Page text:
How America’s ‘survivalists’ are preparing for a worst-case coronavirus epidemic — ‘beans, bullets and Band-Aids’

  • Written by MarketWatch
  • Published in Economics

James Wesley Rawles is hunkered down at an undisclosed location west of the Rockies[1].

“I’m not at liberty to say what state I live in,” he told MarketWatch via internet phone. “I live in the inland Northwest... more than two hours from any decent shopping. We could lock our gate and say goodbye to the world for two or three years and get along just fine.”

He’s on his ranch with a large family. “I’m not at liberty to discuss it,” says Rawles, a former U.S. Army Intelligence officer. “Let’s just say it is a very large family.”

This is a key moment for “preppers” or “survivalists” like Rawles. While the coronavirus has spooked markets into massive sell-offs[2] and sent shoppers to stores like Costco [3] COST, -0.68%[4] to stock up on supplies[5], survivalists have been prepping for something like this for years. Even decades.

“I was a ‘prepper’ long before that term even came into being,” says Jim Cobb, author of Preppers’ Long-Term Survival Guide and Urban Emergency Survival Plan[6]. “Since I was 16 years old,” says Rawles, when asked when he first started readying himself for a possible apocalypse. “That was in 1976.”

“ ‘Be prepared for whatever life throws at you.’ ”

— —Jim Cobb, author of ‘Preppers’ Long-Term Survival Guide and Urban Emergency Survival Plan’

Nobody knows for sure, but there may be many more[7] preppers in the U.S. The term covers everything from “doomsday preppers” in the northern mountain states to people who just make sure to be stocked up at home in case of disaster.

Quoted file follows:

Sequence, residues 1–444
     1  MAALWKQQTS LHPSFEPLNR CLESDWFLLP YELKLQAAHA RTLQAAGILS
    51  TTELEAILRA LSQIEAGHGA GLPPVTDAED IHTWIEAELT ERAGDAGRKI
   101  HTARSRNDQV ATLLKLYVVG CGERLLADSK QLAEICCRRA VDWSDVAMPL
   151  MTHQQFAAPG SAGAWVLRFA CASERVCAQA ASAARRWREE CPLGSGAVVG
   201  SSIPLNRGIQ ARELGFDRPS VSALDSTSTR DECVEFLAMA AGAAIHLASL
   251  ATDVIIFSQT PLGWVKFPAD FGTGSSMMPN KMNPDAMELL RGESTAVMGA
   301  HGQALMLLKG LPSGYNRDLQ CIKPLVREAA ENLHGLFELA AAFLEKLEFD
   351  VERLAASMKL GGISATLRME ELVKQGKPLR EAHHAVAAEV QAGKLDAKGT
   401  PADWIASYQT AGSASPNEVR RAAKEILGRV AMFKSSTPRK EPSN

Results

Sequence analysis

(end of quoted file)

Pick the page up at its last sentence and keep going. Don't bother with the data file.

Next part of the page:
Rawles, the author of the “Patriots”[8] doomsday novels, and the website survivalblog.com[9],[10] has been living at his undisclosed ranch since 2006. He is a messianic Christian and a controversial[11] figure. “The general public is clueless,” Rawles. “I call them the GDP — the Generally Dumb Public.”

Most people will be unprepared if there are shortages, or if they have to go into quarantine, he says. He’s watched the run on things like N95 face masks[12] — despite health officials’ recommendation that the public not buy them [13]— without surprise. “It is at times like this that the GDP wakes up,” he says. “My motto is panic now and beat the rush.”

“I’ve been doing it my whole life,” says “Doc Montana[14],” a survivalist who asked that MarketWatch not share his real name. “[A] lot of urban people aren’t prepared for a disaster,” he adds.

Cobb, meanwhile, lives in a more mainstream environment in Wisconsin, where he works as a disaster preparedness consultant and a writer. “I’m not an ‘end of the world is coming’...

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